Chapter 6 is the final chapter of part one of the book and is filled with a great deal of information about overt and covert forms of male violence against women. Curtis provides statistics from the United States and Canada, the two countries in which she has lived and worked. She outlines the higher incidences for BIPOC, disabled, lesbian, and trans women. She acknowledges that lesbian women do experience intimate partner violence, but they experience greater incidences of violence from males. Incidence of sexual assault according to age is also explored in this section. Curtis also discusses the under-reporting of sexual assault and reasons for that. She explains that sexual assault is more under-reported by BIPOC due to their experiences of being disbelieved, trivialized, and retraumatized when reporting. Also discussed is the fear of reporting intimate partner violence that many women experience because of threats to their personal safety; distrust of the legal system; and fear of retaliation, bringing shame, reaction of others, and being blamed. Curtis discusses the culture of male violence against women and how this impacts all women and girls, whether or not they experience it first-hand, because they know it could happen to them. She explores what it would take to dismantle the culture of male violence against women. Towards the end of this chapter, Curtis discusses how women’s activism has reignited through social media platforms and how encouraging this renewed movement has been in terms of gender equity.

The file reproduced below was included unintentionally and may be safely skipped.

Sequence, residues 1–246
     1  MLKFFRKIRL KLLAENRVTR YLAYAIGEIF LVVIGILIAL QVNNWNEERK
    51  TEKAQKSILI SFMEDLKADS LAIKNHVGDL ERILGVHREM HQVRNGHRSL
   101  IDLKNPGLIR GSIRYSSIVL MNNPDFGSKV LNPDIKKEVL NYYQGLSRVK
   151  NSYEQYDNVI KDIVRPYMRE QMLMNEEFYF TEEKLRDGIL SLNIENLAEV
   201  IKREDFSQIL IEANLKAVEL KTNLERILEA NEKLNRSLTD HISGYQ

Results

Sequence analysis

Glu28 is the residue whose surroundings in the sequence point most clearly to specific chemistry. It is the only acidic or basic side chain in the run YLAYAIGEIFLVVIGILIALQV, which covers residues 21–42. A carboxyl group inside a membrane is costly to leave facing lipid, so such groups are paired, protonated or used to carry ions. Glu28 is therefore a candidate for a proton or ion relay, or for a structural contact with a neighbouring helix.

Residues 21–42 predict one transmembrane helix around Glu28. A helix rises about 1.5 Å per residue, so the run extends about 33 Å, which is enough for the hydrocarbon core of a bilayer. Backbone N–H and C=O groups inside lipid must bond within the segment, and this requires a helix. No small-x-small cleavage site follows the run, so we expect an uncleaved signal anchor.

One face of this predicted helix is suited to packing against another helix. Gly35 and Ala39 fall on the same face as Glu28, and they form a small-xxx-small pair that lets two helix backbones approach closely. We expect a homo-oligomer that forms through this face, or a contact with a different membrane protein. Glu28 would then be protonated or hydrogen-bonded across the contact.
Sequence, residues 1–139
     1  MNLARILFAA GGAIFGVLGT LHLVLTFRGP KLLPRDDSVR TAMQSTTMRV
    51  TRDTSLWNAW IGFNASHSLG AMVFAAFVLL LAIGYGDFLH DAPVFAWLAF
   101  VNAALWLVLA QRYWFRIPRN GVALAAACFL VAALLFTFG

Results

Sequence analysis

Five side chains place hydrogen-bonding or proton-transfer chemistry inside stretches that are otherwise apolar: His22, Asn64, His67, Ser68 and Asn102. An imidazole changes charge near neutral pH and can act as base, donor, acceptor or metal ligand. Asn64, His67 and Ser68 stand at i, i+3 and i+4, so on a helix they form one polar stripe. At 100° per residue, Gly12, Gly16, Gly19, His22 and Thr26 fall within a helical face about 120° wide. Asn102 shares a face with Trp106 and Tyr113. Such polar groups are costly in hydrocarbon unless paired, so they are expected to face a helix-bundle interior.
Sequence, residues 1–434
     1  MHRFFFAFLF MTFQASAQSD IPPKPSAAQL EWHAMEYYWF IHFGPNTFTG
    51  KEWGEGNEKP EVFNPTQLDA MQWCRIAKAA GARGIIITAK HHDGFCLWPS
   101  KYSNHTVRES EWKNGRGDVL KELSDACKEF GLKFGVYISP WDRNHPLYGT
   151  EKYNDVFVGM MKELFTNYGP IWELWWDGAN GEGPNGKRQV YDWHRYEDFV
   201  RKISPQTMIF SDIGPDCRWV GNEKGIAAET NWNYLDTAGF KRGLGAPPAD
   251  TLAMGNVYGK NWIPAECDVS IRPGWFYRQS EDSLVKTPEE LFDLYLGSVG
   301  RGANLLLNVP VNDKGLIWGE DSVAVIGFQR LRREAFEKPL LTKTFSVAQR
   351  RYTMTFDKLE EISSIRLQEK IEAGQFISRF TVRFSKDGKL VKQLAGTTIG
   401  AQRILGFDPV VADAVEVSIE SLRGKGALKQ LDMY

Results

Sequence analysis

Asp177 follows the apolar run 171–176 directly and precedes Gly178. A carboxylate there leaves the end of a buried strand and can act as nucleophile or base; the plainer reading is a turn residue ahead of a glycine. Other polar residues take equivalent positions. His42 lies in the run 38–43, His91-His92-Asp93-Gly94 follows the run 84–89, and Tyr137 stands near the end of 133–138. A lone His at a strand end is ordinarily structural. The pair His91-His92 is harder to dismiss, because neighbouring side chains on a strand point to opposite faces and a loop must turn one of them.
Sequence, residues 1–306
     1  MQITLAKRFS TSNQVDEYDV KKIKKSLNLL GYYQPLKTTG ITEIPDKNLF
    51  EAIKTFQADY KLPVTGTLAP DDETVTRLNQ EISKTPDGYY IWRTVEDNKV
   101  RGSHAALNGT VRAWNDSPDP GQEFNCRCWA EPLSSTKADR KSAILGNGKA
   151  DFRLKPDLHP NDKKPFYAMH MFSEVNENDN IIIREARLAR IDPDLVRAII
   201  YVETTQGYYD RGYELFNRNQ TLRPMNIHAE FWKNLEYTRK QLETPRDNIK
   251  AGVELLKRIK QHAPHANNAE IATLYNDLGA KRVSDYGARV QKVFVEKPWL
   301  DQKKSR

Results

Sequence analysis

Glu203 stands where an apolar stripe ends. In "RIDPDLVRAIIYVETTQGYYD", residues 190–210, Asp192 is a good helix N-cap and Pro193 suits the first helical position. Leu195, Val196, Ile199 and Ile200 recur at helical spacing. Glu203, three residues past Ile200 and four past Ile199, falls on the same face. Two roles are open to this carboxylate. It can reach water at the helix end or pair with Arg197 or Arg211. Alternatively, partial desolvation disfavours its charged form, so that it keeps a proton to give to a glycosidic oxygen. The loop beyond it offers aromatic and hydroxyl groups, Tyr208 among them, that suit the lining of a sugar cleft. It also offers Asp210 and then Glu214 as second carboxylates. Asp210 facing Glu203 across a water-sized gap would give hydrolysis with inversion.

Music for Women (Survivors of Violence): A Feminist Music Therapy Interactive eBook achieves what it set out to do. The first part (chapters 1-6) provides a broad base of information about gender, its impact on women’s health and well-being, women’s self-worth, confidence, resistance and resilience, power/empowerment, love, issues of diversity and intersectionality, and data on male violence against women. The second part (chapters 7-10) provides guidelines for music therapists, other health professionals, and women survivors and others interested in personal growth, for how to engage in music for personal and collective health and well-being, and as a form of activism. Engaging in the interactive process at the core of this book is empowering for music therapists and other professionals working with women survivors of violence, and for women in general as we work to dismantle the culture of violence against women and to listen to the powerful music of women singer/song writers as we work towards personal and collective healing and wholeness.
Susan Hadley, PhD, MT-BC, is professor of music therapy at Slippery Rock University, Pennsylvania. Her books include Sociocultural Identities in Music Therapy (2021), Experiencing Race as a Music Therapist (2013), Therapeutic Uses of Rap and Hip Hop (2012), and Feminist Perspectives in Music Therapy (2006).